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For example, Paul Revere was able to galvanize the forces of resistance so effectively in part because he was what Gladwell calls a "Connector": he knew just about everybody, particularly the revolutionary leaders in each of the towns that he rode through. But Revere "wasn't just the man with the biggest Rolodex in colonial Boston," he was also a "Maven" who gathered extensive information about the British. He knew what was going on and he knew exactly whom to tell. The phenomenon continues to this day--think of how often you've received information in an e-mail message that had been forwarded at least half a dozen times before reaching you.
Gladwell develops these and other concepts (such as the "stickiness" of ideas or the effect of population size on information dispersal) through simple, clear explanations and entertainingly illustrative anecdotes, such as comparing the pedagogical methods of Sesame Street and Blue's Clues, or explaining why it would be even easier to play Six Degrees of Kevin Bacon with the actor Rod Steiger. Although some readers may find the transitional passages between chapters hold their hands a little too tightly, and Gladwell's closing invocation of the possibilities of social engineering sketchy, even chilling, The Tipping Point is one of the most effective books on science for a general audience in ages. It seems inevitable that "tipping point," like "future shock" or "chaos theory," will soon become one of those ideas that everybody knows--or at least knows by name. --Ron Hogan --This text refers to the Hardcover edition.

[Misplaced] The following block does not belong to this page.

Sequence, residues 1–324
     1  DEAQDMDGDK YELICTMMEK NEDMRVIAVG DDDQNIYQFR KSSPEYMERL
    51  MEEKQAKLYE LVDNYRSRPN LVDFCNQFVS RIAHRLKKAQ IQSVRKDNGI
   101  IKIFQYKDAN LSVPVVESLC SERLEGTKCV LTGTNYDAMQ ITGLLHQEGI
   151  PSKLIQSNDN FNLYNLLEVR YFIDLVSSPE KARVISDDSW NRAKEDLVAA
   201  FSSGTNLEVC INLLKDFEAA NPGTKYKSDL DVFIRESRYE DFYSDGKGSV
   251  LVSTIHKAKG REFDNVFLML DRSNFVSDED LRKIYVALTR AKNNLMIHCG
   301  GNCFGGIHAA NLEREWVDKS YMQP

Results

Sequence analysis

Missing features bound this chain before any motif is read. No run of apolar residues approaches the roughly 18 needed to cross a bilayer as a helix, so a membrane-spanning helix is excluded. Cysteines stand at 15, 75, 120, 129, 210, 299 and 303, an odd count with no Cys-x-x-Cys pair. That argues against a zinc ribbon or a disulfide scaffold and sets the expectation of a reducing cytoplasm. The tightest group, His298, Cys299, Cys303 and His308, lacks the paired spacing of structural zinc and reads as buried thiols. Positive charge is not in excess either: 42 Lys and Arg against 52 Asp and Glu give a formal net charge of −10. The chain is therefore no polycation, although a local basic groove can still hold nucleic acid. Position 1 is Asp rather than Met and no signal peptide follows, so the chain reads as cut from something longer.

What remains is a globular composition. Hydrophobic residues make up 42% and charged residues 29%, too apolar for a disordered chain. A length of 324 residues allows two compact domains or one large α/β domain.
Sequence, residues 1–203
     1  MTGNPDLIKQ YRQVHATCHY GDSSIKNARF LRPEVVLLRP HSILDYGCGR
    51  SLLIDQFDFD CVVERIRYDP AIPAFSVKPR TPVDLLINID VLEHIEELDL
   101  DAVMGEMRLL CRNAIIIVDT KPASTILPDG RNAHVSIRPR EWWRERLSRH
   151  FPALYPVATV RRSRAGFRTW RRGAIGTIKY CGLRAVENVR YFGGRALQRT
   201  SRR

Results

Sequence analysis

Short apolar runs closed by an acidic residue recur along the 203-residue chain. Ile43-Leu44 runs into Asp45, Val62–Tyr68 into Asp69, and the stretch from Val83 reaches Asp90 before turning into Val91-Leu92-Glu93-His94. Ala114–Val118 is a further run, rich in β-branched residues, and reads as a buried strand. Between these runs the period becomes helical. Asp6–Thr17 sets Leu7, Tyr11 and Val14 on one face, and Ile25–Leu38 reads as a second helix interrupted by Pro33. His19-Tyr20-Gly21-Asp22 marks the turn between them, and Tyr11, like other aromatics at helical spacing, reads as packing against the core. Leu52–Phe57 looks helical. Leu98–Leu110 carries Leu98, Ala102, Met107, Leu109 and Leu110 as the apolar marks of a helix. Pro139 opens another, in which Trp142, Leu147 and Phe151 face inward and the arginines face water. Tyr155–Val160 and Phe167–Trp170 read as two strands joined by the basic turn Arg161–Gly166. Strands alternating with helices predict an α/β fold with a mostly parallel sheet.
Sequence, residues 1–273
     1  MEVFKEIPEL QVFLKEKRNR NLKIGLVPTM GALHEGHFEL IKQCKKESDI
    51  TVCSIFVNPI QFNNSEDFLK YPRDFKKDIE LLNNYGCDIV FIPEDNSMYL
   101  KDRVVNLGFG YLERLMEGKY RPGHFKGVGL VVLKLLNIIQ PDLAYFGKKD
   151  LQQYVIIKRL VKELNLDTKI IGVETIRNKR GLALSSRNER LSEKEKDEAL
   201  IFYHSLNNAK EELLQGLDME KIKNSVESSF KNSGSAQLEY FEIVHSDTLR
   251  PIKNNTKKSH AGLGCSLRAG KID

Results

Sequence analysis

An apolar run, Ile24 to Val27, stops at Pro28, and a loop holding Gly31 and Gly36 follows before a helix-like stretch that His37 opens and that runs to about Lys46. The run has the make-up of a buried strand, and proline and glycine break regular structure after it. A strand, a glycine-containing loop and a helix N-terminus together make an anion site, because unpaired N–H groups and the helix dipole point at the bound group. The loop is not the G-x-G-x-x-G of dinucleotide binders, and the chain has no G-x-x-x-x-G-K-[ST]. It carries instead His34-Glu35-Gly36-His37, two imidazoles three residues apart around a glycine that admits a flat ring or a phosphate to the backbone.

I loved this book because of what it clearly taught how to recognize how to identify points of momentum which is all around us. Read morePublished 6 hours ago by douglas hamilton
This is a great read for anyone new to economics and business or an expert in the field. It keeps you interested throughout.Published 1 day ago by Hannah K.
Having spent my 40 year management career as a productivity improvement consultant , I learned early the tools of how to involve people in the process of making improvements by... Read morePublished 2 days ago by Improvineering
Gladwell gives lots of great food for thought in this work. He gives lots of challenging and inspiring information.Published 6 days ago by D. Botkin
Some examples given are a little hard to believe, like one single person starting an epidemic of flu. Read morePublished 9 days ago by Mario Streger